This episode introduces us to Terry Johnston, yet another one-off kid character. Terry, however, doesn’t appear to have a very interesting distinguishing characteristic. All we know about him is that he’s bored, which isn’t an original premise for an Odyssey episode. In Connie Comes to Town both Connie Kendall and Bobby Novak were bored of living in a small town and in The Day After Christmas Annie McNeal was bored of playing with her toys. Terry’s dad is named George. Again, not very original considering we were just introduced to the Barclay family’s father, also named George, just a few episodes ago. And his last name, Johnston, is one of the least exciting names you can find. But all these ordinary circumstances at the beginning work together to lure the audience into a false sense of security that this will be another slice-of-life show. This turns out to be our first glimpse into the almost unlimited potential AIO has for storytelling.
George Johnston is really Catspaw (not Cat Spa) which fortunately doesn’t turn out to be a spa for felines but is an alias for the CIA. This is not only Odyssey’s first international show, but also the beginning of its many encounters with espionage. The pursuit of the “formula” strikes me as amusing considering this episode is very clearly pursuing the basic formula of a classic action-adventure spy story. It has a car chase, a man in black gloves, a trade ride, sleeping gas, kidnapping and a trip to a foreign country. What more could you want?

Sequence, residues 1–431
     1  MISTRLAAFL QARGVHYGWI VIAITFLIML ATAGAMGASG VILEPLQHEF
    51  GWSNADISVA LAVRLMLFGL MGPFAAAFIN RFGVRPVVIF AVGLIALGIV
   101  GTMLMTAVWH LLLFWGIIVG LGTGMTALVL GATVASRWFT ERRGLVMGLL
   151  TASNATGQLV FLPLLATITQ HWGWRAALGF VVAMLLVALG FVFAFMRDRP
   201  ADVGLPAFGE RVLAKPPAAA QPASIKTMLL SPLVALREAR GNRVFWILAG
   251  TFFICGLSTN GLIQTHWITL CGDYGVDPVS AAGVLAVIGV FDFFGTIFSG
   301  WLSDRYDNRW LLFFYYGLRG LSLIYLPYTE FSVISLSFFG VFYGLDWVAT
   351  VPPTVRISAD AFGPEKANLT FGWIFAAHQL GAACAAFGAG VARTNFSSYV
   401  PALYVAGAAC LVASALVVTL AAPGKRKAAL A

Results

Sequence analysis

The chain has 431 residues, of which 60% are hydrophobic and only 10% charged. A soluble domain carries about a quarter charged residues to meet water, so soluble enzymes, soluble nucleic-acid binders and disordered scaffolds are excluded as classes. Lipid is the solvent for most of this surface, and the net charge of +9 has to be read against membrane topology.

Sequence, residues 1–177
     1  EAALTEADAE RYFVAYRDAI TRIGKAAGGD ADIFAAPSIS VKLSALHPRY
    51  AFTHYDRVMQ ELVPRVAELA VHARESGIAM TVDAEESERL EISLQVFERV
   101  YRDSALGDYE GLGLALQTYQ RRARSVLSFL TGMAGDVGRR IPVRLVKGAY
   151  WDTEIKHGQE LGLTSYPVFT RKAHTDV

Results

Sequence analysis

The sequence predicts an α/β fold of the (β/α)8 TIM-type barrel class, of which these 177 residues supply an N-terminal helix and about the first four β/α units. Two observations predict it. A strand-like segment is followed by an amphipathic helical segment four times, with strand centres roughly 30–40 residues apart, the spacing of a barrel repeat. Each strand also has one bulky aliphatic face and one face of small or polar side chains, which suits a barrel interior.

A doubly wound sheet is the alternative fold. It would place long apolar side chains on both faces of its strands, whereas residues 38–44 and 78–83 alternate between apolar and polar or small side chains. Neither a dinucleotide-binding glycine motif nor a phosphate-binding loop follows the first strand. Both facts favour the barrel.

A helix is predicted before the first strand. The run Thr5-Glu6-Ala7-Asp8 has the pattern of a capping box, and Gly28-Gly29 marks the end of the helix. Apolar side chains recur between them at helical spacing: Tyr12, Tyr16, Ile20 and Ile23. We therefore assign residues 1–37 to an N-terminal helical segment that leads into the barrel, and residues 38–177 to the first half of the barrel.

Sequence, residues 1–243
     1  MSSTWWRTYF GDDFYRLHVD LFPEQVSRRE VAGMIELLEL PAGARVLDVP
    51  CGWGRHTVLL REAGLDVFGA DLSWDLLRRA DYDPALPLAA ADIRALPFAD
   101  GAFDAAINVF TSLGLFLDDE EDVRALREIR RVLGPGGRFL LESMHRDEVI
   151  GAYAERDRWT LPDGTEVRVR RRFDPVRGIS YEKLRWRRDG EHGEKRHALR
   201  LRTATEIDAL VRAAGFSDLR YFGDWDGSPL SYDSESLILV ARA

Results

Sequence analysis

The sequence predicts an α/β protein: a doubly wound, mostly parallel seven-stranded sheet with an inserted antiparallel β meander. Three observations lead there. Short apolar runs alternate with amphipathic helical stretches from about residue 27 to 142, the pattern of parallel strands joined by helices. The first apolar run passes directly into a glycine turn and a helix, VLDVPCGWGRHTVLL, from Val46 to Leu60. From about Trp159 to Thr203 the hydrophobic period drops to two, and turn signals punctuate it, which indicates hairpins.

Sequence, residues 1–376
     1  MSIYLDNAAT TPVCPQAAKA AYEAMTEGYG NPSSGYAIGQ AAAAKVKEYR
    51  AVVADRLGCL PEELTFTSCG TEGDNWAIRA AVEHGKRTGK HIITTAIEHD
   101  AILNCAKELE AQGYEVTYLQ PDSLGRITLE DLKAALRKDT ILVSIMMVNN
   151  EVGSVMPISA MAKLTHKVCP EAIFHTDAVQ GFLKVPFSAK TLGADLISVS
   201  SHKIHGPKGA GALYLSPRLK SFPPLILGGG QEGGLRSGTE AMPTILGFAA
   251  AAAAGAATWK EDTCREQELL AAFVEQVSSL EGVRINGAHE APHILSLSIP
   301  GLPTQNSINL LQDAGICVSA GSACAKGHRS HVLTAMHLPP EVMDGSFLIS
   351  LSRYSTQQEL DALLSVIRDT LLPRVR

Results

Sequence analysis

George makes clear that the man in black gloves, Nigel, isn’t a Russian and isn’t loyal to any country at all. If this was an attempt to avoid characterizing Russians as the enemy, it is undermined by Nigel’s boss Maxim, who speaks with a Russian accent and uses the Russian word for “yes.” He is a classic villain and his apartment suite even features a tank of piranhas. That is another aspect of the action-adventure formula: the bad guy needs to own dangerous pets. Considering how much Nigel celebrates George’s death, it’s interesting that he didn’t look over the edge to watch George fall after he had pushed him. This plot point relies a little too much on coincidence. But I guess the hero needs to outsmart the villain in the end in these types of stories.
For a first attempt at a story of undercover agents and international espionage, Adventures in Odyssey does a great job. This episode was unexpected and widened the scope of the whole show into new and exciting territory, which is probably one of the reasons AIO has lasted for so many years. It was a ground-breaking episode when it was released and it remains compelling today. It gets 5 out of 5 stars.